Pentagon acknowledging that today's era of the uncontested battlefield may be coming to a close

May 20, 2014
THE MIL & AERO BLOG, 20 May 2014. I'm seeing encouraging signs from the Pentagon that today's military senior leadership finally is acknowledging that military campaigns of the future probably won't be as easy as they've been for the past quarter century.  
THE MIL & AERO BLOG, 20 May 2014. I'm seeing encouraging signs from the Pentagon that today's military senior leadership finally is acknowledging that military campaigns of the future probably won't be as easy as they've been for the past quarter century.

Since the first Gulf War in 1990, the most formidable threats that U.S. military forces have faced were of the unconventional kind -- roadside bombs, hit-and-run guerilla attacks, and surprise terrorist incidents. There's been little experience against modern military threats involving sophisticated technology.

Much of the U.S. military's operations over the past few decades have involved so-called "uncontested" areas on land, sea, and in the air. That means a relative lack of enemy electronic warfare (EW) jamming, enemy fighter cover, formations of opposing main battle tanks, and coordinated communications and cyber warfare attacks.

It seems the Pentagon expects that's about to change.

Related: Air Force researchers choose Matrix for CERFER program to track targets amid RF jamming

One indication of this is the Air Force's CERFER program to develop radar and electronic warfare (EW) technology that improves target detection, tracking, imaging, classification, and identification in the midst of enemy RF jamming, spoofing, and other challenging conditions.

CERFER is short for Contested Environment Radio Frequency Exploitation And Research (CERFER). The Air Force Research Laboratory at Wright-Patterson Air Force Base, Ohio, just this month awarded a $36 million contract to Matrix Research Inc. in Dayton, Ohio, to carry out the program, which seeks to address problems of concurrent detection, tracking, imaging, classification, and identification of targets.

This should come as good news, because it's one indication that military leaders are preparing for future battlefields with sophisticated threats. It's good to see the generals and admirals might be on their toes after all.

Related: Navy announces plan to deploy laser weapon aboard amphibious assault ship late this summer

Here's another indication: the rapid development of laser weapons for Navy surface ships. There's a very real military threat posed by Iran in the Persian Gulf involving swarm tactics of fast, maneuverable missile boats, coupled with anti-ship missiles and quiet diesel-electric submarines.

Laser weapons, once they improve, might be just the weapon to counter swarms of fast boats and missiles before they can penetrate defenses and attack a high-value target like a U.S. aircraft carrier.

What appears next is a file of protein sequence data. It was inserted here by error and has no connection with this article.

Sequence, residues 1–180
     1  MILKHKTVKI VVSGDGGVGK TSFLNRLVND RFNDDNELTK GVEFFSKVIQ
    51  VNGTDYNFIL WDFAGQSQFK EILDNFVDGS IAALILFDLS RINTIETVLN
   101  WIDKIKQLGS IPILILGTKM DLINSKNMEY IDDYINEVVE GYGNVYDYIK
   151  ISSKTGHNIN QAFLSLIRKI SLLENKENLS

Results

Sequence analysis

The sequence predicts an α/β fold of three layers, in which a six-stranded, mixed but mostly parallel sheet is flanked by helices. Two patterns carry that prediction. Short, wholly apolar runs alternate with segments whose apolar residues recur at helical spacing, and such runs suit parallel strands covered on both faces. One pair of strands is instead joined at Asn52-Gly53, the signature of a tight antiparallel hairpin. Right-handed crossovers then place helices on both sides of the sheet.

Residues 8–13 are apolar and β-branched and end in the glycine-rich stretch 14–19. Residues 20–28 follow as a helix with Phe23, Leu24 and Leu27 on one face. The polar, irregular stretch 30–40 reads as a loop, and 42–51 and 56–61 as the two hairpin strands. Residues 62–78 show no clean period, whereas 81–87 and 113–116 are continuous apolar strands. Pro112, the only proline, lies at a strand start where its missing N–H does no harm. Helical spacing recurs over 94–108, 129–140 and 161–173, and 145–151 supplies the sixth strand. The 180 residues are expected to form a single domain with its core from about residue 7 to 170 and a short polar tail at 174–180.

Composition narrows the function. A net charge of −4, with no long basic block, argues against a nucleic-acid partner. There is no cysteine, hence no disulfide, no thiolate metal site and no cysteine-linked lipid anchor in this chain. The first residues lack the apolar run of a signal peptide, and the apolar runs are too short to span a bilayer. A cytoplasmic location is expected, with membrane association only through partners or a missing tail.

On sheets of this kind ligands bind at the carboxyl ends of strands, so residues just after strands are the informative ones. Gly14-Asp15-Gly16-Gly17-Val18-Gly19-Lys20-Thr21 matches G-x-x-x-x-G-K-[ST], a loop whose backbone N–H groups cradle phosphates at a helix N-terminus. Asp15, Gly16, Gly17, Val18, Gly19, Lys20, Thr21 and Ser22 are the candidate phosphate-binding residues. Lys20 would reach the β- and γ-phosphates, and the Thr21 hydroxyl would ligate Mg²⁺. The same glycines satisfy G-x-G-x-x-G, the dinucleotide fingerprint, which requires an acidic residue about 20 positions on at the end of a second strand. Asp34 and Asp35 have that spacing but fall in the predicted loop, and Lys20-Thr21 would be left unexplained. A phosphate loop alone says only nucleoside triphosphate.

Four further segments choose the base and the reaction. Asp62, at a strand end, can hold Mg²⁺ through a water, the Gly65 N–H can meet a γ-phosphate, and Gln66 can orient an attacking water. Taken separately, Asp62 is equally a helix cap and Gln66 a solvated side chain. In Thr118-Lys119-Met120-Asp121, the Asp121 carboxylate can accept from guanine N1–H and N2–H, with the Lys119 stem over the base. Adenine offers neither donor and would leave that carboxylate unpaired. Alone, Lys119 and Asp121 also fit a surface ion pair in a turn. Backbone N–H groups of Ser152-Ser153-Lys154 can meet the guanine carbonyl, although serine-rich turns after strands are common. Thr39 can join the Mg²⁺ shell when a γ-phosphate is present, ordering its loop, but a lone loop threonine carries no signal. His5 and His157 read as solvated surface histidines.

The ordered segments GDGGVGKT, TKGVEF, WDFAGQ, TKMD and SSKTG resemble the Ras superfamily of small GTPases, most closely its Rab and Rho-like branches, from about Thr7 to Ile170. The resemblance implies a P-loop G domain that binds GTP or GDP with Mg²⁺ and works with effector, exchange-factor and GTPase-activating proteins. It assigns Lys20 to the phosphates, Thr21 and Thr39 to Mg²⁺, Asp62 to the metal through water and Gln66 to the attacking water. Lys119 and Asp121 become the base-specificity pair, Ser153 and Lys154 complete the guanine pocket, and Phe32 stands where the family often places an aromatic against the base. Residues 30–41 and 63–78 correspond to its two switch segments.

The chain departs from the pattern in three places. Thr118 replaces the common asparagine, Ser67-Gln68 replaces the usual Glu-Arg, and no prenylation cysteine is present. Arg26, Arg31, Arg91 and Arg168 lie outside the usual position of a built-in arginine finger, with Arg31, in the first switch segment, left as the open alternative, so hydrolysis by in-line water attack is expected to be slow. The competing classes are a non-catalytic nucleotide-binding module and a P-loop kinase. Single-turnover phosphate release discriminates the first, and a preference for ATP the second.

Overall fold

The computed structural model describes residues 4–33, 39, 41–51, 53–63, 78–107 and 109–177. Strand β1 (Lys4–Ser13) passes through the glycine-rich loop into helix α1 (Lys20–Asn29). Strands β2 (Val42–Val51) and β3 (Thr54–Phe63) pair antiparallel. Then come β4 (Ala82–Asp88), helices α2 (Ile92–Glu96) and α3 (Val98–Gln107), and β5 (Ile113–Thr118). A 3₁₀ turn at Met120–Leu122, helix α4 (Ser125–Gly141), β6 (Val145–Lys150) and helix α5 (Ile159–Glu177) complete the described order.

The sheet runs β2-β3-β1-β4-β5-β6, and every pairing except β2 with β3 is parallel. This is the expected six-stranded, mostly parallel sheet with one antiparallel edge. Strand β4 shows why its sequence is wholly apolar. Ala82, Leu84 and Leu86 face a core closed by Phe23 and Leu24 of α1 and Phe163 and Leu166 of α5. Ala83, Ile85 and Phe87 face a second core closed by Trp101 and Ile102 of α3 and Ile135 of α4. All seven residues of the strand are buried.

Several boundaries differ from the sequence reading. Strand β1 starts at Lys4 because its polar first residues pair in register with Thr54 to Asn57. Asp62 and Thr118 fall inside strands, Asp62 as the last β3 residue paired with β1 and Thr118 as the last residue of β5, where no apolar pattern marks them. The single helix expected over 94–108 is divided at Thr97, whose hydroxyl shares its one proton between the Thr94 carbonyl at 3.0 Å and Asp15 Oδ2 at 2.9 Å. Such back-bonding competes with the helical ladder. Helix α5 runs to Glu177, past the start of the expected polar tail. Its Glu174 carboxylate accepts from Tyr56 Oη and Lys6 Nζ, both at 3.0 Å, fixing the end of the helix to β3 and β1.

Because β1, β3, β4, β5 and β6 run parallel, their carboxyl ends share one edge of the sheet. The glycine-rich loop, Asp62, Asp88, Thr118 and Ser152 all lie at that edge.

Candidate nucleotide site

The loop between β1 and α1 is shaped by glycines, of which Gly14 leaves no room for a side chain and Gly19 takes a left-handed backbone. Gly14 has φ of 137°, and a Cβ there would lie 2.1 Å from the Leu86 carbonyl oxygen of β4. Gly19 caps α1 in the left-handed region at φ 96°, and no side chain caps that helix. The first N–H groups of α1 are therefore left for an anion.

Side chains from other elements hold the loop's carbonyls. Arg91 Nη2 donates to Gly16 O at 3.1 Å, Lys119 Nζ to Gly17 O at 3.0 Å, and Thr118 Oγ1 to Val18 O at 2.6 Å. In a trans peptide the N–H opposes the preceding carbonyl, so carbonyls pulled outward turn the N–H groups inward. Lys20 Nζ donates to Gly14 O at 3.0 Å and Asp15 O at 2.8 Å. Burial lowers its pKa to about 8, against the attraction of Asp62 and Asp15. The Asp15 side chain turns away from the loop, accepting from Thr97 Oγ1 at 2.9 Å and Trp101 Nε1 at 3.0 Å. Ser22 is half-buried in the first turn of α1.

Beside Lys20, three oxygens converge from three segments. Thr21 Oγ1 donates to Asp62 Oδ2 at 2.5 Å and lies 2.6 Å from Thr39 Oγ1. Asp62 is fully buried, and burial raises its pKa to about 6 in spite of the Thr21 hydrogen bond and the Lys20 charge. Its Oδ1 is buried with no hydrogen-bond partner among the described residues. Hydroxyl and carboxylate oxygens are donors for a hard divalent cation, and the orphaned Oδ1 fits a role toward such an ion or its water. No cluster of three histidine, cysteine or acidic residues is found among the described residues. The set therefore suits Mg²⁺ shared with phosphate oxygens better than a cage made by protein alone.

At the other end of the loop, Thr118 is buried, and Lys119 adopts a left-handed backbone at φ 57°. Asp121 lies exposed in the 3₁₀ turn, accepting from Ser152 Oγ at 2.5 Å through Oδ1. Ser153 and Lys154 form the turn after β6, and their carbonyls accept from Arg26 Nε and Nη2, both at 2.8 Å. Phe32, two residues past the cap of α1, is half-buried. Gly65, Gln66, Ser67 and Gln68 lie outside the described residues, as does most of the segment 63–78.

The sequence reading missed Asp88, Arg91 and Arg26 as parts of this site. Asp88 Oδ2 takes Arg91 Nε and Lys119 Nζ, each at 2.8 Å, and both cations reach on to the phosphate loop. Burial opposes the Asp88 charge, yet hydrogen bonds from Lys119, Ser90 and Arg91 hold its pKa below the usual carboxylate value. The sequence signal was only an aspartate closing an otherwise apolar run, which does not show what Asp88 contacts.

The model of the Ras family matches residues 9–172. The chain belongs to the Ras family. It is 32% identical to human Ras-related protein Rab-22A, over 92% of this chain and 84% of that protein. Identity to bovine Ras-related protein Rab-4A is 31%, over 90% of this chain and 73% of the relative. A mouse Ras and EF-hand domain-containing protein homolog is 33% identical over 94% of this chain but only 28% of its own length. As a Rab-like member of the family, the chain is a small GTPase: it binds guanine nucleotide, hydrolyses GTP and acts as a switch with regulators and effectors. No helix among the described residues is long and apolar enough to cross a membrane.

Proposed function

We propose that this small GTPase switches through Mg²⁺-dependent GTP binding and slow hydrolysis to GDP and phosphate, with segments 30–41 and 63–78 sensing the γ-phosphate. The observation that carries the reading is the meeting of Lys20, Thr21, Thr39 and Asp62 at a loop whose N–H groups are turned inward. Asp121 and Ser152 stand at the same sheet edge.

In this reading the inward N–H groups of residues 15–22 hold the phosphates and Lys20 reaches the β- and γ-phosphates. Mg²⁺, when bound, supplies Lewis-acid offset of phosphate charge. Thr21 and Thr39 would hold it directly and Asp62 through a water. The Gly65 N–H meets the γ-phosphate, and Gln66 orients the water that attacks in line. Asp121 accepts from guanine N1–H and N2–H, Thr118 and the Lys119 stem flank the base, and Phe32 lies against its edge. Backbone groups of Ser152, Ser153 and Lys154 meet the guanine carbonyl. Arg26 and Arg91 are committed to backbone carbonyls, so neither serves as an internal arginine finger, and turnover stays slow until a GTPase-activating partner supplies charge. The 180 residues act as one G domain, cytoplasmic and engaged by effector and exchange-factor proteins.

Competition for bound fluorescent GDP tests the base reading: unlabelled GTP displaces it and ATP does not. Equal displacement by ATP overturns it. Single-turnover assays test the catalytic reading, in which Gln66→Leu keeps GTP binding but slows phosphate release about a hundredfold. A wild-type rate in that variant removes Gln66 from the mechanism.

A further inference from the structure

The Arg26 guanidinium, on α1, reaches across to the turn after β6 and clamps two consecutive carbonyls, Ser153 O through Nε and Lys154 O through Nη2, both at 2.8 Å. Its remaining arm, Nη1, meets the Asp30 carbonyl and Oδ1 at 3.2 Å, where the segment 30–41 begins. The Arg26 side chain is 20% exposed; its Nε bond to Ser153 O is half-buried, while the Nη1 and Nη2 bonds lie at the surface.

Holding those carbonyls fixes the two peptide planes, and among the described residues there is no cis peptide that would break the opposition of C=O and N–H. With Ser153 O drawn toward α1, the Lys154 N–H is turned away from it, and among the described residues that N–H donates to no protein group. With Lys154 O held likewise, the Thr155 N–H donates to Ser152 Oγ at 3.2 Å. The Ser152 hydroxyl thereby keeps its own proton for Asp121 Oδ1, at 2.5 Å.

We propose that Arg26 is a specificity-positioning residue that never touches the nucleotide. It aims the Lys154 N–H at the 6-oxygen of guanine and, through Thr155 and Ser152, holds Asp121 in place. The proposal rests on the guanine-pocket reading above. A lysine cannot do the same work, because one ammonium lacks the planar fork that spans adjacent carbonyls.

But what about those quiet diesel-electric submarines? Well, just this week, Lockheed Martin received a $31.8 million contract modification to build nine advanced TB-37/U Multi-Function Towed Array (MFTA) sonar systems.

Related: Lockheed Martin to provide Navy with advanced towed-array sonar for surface warships

This kind of sonar trails along behind warships like cruisers, destroyers, and the Littoral Combat Ship at a variety of depths to detect, locate, and track quiet submarines that pose an immediate threat to carrier battle groups. It can just listen, or ping active to ferret out hidden subsea threats.

Something else encouraging is the possible restructuring of the Navy's Carrier Launched Airborne Surveillance and Strike (UCLASS) unmanned aerial vehicle (UAV) program. While Navy requirements now call for a lightly armed UAV able to conduct surveillance missions in uncontested airspace, members of Congress are voicing concerns that a future carrier-based combat UAV not only should pack a bigger offensive punch, but also should be able to defend itself from high-technology EW and missile attacks.

Related: Military seeks to blend aircraft and sensors to keep air superiority in dangerous airspace

As if that were not enough, DARPA has kicked off the System of Systems Integration Technology and Experimentation (SoSITE) program that aims at maintaining air superiority in dangerous airspace where pilots risk having their sensors and communications jammed or their aircraft shot down.

The era in which U.S. military forces were able to overwhelm technologically inferior forces quickly and with devastating power couldn't last forever. senior military leaders today are facing up to that reality.

About the Author

John Keller | Editor

John Keller is editor-in-chief of Military & Aerospace Electronics magazine, which provides extensive coverage and analysis of enabling electronic and optoelectronic technologies in military, space, and commercial aviation applications. A member of the Military & Aerospace Electronics staff since the magazine's founding in 1989, Mr. Keller took over as chief editor in 1995.

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